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7 Responses to “Writer’s Cliff”

  1. Monica Ropal Says:

    Beginnings are the worst. I workshopped the beginning of my completed ms with you in Dec., and I love it! But still getting comments of too many characters. It’s a party, how are there not going to be a lot of characters?
    Now, in my most recent wip: I tell myself that I will rework the beginning later and to just get to it,but it bothers me that the beginning is so flawed and i want to keep going back and change things.
    In general, when I get stuck, I do what I did last night. Go back to my muses. Usually music or some vid i saw somewhere that puts me in that place when I first started thinking about the character or situation. then I write. Maybe a lot, maybe a little, but enough to remind myself that I still can. The beginning WILL get fixed eventually, but I need to press on.
    Probably not helpful to you in the least, but just my two cents.
    Good luck.

  2. Lindsey Morris Says:

    Have you considered writing a prologue that is suspensful yet vague? Perhaps you could give us just enough in the beginning to know that the characters will play a huge role in the novel?? Then we will be dying to know when you plan to introduce them and how everything will pan out!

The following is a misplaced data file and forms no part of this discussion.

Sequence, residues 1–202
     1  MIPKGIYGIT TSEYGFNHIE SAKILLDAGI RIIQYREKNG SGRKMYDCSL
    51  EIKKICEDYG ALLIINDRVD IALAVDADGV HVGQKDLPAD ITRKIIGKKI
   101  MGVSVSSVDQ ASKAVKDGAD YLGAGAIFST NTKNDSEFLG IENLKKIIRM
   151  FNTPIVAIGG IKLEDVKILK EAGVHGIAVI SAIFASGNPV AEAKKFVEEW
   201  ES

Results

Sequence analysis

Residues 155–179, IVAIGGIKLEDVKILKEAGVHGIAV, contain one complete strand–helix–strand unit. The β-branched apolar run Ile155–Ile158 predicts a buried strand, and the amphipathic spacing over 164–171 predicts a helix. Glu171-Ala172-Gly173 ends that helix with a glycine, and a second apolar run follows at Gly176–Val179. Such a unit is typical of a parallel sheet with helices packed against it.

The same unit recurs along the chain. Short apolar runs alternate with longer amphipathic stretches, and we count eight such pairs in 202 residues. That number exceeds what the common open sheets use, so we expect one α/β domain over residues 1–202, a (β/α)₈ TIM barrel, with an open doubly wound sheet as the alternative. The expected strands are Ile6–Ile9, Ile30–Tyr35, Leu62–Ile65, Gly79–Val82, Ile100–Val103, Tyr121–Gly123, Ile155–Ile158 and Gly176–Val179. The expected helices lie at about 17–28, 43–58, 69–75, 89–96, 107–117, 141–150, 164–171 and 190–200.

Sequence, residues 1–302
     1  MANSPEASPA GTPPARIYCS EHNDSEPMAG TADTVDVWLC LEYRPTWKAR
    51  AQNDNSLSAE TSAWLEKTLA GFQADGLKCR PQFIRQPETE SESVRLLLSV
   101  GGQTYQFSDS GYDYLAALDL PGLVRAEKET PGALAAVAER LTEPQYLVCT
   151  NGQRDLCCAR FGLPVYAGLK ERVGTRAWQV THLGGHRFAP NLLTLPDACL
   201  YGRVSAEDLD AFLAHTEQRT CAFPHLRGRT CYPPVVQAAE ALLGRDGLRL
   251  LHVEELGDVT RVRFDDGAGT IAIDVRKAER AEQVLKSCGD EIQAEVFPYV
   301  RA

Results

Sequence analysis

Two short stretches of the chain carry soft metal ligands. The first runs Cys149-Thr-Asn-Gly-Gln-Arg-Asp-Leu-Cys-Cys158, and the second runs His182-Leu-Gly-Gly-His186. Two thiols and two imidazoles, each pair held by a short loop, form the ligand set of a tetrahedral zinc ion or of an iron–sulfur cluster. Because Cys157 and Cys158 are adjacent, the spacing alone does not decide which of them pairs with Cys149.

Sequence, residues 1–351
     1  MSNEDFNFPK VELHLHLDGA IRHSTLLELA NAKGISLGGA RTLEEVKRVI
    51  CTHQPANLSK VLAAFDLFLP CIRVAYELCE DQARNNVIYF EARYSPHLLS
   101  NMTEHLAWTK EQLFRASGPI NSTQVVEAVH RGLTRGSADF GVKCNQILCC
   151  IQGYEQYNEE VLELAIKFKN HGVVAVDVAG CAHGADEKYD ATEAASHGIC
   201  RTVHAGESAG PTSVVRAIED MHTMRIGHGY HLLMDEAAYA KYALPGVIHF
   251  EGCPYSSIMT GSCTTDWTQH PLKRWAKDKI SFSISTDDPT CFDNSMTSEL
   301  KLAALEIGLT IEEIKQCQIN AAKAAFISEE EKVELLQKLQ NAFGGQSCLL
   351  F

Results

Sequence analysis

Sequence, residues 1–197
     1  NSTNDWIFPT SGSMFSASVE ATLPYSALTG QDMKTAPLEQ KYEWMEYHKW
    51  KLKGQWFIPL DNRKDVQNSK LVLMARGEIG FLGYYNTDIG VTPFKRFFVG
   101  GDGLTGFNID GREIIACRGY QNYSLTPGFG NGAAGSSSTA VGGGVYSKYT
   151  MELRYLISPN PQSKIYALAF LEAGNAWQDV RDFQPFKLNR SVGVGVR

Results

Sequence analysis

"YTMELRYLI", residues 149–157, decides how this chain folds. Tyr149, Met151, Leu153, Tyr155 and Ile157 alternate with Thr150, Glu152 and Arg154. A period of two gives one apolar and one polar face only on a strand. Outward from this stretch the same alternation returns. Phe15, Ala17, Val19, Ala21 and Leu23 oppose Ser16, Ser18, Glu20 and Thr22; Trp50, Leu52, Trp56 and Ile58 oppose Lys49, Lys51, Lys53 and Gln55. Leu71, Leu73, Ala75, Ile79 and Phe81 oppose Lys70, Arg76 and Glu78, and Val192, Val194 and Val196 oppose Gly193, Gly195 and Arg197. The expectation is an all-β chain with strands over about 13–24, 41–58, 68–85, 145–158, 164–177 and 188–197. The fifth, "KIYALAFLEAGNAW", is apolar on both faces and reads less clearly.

3. Lindsey Morris Says:

    Oh…and the worst for me (not that I’ve ever published a novel–but I hope to eventually!) is definitely in the middle!! It seems like I always know what I want to achieve in my writing, but the “getting there” part is MUCH more difficult–especially when you’re trying to make a non-existent world seem completely real. The daily grind, the dialogue, the time-frame…it all has to fit perfectly or it simply doesn’t work–and let’s face it; every scene can’t be a climactic one.

  4. Kara Says:

    Heyy…i love your books! i would have to say i get “writer’s cliff” (which i am going to use from now on!) always comes at the beginning of a project. i get an idea and i know exactly what i want to do, or i get a great burst of inspiration that gives me a good couple of sentences, and i get really excited and i feel AMAZING about it, but then i realize i have no way to go with it. i have no other ideas that what i just wrote down, and where i hope to eventually end the story.

  5. Brandon Says:

    The strange thing is for me is that sometimes i get the opposite of “writers cliff” and i just cant think of a plausible ending so i just continue the story more and more until its ridiculously long.

    Anyway love the books Neal keep ’em coming!

  6. Roberta Niche Says:

    Love the blog. Still hoping to work out getting you to Melissa HS in Melissa Texas this spring. 🙂

  7. Terry Black Says:

    I’m fascinated by all those dead Disney mothers you mention, Neal. Maybe they could all band together to form the Dead Disney Mothers Society, or DDMS, where they carp in the afterlife about their offspring never pray to them anymore.

    Anyone who wants this idea can have it. No, don’t thank me.